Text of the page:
Federal budget funding to strengthen Australian scientific leadership in Asia-Pacific

October 25, 2022
The Shine Dome, a round copper structure supported by 14 arches and surrounded by a moat, is superimposed against a stylised image of the Asia-Pacific region as seen from space.

The Australian Academy of Science will lead a new regional presence coordinating scientific engagement in the Asia-Pacific thanks to a $10.3 million investment from the Australian Government over the next six years.

The Minister for Industry and Science, the Hon Ed Husic MP, announced the funding in tonight's Federal Budget.

The Academy welcomes and thanks the Australian Government’s strategic commitment to establish the International Science Council (ISC) Asia-Pacific regional presence at the Academy.

Since our foundation in 1954, the Australian Academy of Science has facilitated international partnerships and collaborations in pursuit of solutions to pressing global challenges. We recognise the benefits of effective science diplomacy.

This investment enables Australia to leverage its standing as a science and research leader and engage in strategic science diplomacy in our region and globally.

Australian Academy of Science President, Professor Chennupati Jagadish AC said hosting the International Science Council’s Asia-Pacific Regional Presence in Australia would significantly boost Australia’s scientific leadership in the Asia-Pacific region, deepen engagement across our region, and enable greater science outcomes that benefit all.

“It will also allow Australia to have greater input into global policy issues, extend its international influence through science diplomacy and provide access to a high-level network of global science leaders,” Professor Jagadish said.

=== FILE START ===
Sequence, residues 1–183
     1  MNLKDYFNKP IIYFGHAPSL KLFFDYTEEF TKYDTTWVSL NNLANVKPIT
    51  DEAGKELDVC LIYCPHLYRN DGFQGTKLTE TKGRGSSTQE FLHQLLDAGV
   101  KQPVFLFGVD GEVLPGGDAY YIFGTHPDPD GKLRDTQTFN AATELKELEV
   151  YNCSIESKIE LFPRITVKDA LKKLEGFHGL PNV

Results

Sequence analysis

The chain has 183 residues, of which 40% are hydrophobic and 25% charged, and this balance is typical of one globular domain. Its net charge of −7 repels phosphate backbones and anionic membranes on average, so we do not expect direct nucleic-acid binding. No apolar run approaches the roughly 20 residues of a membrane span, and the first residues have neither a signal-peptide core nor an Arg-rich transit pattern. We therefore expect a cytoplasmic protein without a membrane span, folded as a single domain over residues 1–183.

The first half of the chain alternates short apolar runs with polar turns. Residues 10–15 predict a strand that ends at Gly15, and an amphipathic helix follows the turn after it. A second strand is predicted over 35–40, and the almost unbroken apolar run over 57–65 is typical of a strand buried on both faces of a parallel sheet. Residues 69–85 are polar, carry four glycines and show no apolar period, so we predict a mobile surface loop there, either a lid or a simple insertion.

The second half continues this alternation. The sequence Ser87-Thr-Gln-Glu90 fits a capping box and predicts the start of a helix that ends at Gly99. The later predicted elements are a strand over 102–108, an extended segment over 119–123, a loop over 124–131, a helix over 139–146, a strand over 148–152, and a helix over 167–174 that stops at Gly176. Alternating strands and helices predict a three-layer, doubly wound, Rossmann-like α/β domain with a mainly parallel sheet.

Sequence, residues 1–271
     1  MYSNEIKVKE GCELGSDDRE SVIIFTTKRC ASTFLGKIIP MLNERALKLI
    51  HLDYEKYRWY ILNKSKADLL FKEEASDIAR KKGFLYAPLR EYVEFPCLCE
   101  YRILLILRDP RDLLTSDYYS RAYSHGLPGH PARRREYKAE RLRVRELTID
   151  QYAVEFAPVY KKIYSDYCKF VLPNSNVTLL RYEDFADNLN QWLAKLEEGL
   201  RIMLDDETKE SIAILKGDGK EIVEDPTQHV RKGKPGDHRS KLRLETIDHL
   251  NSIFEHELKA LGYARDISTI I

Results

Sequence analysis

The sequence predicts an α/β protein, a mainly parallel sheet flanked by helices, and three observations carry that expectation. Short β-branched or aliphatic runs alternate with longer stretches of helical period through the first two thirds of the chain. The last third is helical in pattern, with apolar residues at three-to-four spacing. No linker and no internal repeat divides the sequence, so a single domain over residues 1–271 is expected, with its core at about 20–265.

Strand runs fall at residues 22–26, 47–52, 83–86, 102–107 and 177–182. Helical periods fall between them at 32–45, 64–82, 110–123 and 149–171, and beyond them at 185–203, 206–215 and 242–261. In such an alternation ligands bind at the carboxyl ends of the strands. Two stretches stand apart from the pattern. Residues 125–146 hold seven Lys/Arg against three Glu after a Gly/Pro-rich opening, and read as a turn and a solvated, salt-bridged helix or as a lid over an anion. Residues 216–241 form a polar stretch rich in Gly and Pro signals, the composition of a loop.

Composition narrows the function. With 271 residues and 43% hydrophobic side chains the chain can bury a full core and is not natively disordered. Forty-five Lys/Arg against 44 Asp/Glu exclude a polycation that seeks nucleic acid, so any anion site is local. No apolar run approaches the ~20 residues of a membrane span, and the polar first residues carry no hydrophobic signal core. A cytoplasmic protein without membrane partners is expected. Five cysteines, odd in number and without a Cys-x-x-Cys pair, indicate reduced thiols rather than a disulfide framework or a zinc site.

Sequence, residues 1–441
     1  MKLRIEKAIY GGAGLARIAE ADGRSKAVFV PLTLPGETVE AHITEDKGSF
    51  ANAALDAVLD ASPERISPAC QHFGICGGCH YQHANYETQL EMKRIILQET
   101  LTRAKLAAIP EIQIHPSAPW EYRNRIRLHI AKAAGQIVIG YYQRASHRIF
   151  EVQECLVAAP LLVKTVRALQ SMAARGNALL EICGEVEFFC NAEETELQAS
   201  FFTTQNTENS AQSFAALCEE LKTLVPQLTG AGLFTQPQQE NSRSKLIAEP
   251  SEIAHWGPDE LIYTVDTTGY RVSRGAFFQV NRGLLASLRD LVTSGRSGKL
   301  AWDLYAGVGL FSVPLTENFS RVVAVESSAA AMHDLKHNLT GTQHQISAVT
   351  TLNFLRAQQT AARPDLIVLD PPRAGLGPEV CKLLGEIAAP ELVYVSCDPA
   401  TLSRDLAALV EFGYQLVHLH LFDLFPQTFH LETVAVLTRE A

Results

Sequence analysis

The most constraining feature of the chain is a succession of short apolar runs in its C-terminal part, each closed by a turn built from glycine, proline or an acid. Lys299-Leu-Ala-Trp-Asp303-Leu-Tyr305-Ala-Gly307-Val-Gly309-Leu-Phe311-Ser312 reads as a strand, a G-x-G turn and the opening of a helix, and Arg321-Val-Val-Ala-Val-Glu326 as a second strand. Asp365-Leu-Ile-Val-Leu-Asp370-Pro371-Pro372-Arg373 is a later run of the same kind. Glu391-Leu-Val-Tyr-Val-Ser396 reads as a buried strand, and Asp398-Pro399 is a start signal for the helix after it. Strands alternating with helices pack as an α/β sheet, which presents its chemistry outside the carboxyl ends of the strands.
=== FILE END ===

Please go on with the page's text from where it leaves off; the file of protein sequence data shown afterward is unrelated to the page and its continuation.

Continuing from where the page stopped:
“Changes to the regional geopolitical landscape, climate change, global security and technology are among the issues currently shaping Australia’s economy and society.

“An opportunity to enable meaningful regional engagement and to align activities with international science efforts will help us navigate these issues strategically and with impact.”

President of the International Science Council Sir Peter Gluckman said the Academy had a long track record of successfully managing international engagements and in representing Australia’s interests at the ISC since the Academy’s inception in 1954.

“The Asia-Pacific focal point is central to translating the ISC’s global vision into actions tailored to meet the unique needs of the Asia–Pacific region,” Sir Peter said, who was also the former Chief Science Advisor to the Prime Minister of New Zealand.

“The Australian Academy of Science is a very active and engaged member of the ISC. As host of this new branch, the Academy is well placed to strengthen partnerships across the region and to advance science as a global public good.

“The ISC is grateful for the Australian Government’s leadership and investment in building scientific cooperation in the region.”

Professor Jagadish said the Asia-Pacific region is a key focal point of the Academy’s international engagements and Australian diplomatic efforts.

“I wish to warmly thank the Academy of Sciences Malaysia for the valuable work undertaken in maintaining the Asia-Pacific regional office over previous years.

“We look forward to fostering engagement with the diverse nations across the Asia-Pacific region and working on our shared goal of championing science as a global public good,” he said.

The ISC Asia-Pacific regional presence will begin operation in 2023.

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